Finding a stylish storage system, especially in a child's bedroom or playroom, can be tricky. However, Joanna Gaines has revealed a solution that pays homage to an enduring design trend.
Joanna is the co-founder of Magnolia, a leading interior brand with global authority. Therefore, when Joanna shared a toy storage idea that didn't sacrifice style, we were quick to take note.
Here, the designer reveals how to bring order to the most manic room of the home – in the best looking way possible.
Joanna Gaines's child bedroom storage secret
The HGTV star is known for breathing new life into antique pieces, and her bedroom storage idea is no exception. On an episode of Fixer Upper (opens in new tab), Joanna invests in an antique toolbox to store crayons for her client's children.
'One of the things I love to incorporate in kids' spaces are funkier pieces,' she explains. 'This was an old toolbox, and so I always think it's fun to find containers and things that you wouldn't typically put colors in.'
The result is a unique storage solution that brings more than order to the space. Instead, the box stands as a focal point that will provoke conversation about its history and its new life as a toy holder. 'It's a really cute piece that has a story, but now you're just giving it a new purpose,' Joanna says.
How to use antiques, the Joanna Gaines way
The designer's kid's room idea brings new life to a unique piece, but she is not alone in her admiration for restyled antique pieces.
H&G's Editorial Director Sarah Spiteri similarly practices Joanna's vintage tip in her own children's room – explaining that they add 'depth and character' and 'stop the space [becoming] too saccharin or cutesy'.
‘I use a vintage black enamel drum painted with gorgeous cranes for my girls' fancy dress box and store nappies in a battered old picnic basket,’ Sarah says. When it comes to styling, she reveals that balance is the key.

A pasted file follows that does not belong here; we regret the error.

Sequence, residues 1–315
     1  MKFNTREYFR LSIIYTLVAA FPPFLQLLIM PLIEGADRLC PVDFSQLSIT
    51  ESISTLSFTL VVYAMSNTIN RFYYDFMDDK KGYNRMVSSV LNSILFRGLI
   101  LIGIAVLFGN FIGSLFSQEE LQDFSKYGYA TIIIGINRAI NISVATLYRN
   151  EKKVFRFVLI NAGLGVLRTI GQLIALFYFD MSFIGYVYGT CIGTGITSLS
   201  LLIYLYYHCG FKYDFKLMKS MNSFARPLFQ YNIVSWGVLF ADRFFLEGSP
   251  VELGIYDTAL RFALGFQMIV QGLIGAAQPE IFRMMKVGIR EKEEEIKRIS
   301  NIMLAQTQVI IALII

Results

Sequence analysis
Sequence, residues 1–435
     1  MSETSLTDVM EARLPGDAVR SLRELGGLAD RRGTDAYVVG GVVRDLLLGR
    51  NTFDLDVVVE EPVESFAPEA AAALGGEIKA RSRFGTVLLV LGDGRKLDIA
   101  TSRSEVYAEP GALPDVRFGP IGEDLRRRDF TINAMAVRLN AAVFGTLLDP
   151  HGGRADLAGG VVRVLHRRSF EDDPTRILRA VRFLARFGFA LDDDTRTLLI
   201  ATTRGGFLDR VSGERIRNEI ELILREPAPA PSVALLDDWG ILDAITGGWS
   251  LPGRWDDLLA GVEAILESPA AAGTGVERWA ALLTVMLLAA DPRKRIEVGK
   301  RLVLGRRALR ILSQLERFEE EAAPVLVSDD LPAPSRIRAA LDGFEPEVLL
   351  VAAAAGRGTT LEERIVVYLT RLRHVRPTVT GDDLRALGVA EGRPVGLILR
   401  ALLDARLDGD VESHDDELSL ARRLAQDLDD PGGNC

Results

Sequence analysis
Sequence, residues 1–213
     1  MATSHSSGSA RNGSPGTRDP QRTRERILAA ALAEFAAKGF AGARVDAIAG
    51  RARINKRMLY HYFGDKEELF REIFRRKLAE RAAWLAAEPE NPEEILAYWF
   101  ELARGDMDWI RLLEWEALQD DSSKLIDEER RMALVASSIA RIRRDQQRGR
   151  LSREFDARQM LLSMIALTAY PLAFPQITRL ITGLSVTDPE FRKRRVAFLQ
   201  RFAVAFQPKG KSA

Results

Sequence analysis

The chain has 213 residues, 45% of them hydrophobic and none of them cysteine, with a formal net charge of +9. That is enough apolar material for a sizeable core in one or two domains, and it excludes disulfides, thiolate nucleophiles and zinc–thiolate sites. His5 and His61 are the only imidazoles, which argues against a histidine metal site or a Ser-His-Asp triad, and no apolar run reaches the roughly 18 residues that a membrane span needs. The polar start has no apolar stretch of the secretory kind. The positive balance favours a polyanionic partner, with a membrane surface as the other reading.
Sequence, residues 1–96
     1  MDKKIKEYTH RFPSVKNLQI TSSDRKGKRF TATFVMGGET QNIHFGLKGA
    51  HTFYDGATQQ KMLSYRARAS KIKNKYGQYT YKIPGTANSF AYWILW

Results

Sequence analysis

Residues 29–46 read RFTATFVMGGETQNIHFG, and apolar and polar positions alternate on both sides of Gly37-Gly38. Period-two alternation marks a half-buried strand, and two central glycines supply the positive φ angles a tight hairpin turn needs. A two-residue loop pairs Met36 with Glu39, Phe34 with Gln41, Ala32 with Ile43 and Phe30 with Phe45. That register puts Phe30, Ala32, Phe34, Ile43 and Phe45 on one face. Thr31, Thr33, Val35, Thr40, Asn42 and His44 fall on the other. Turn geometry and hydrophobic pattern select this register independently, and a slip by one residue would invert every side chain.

‘You don't want too much vintage or the room will start to look themed. Mix it up with modern design touches and playful, colorful touches. I've just bought some Etalage bobbin frames which I love.’
Plus, Joanna's comments couldn't have come at a better time. Antiques are predicted to sit at the peak of interior design trends this 2022, and Clara Ewart, Head of Design at Kitesgrove (opens in new tab), emphasizes how easy it is to follow the movement.
'There are many places to find wonderful antiques… which can be restored, re-upholstered and renewed whether you choose to go to a decorative fair or an auction house,' she explains.
'Re-purposing one-off pieces of furniture or lighting will also provide a great sense of satisfaction to be continuing the life of an item which may otherwise have been discarded.'
In this case, it is Joanna Gaines's toolbox, but it can be whatever you think will look best in your home. It's time we get sourcing.
Megan is the News and Trends Editor at Homes & Gardens. She first joined Future Plc as a News Writer across their interiors titles, including Livingetc and Real Homes. As the News Editor, she often focuses on emerging microtrends, sleep and wellbeing stories, and celebrity-focused pieces. Before joining Future, Megan worked as a News Explainer at The Telegraph, following her MA in International Journalism at the University of Leeds. During her BA in English Literature and Creative Writing, she gained writing experience in the US while studying in New York. Megan also focused on travel writing during her time living in Paris, where she produced content for a French travel site. She currently lives in London with her antique typewriter and an expansive collection of houseplants.
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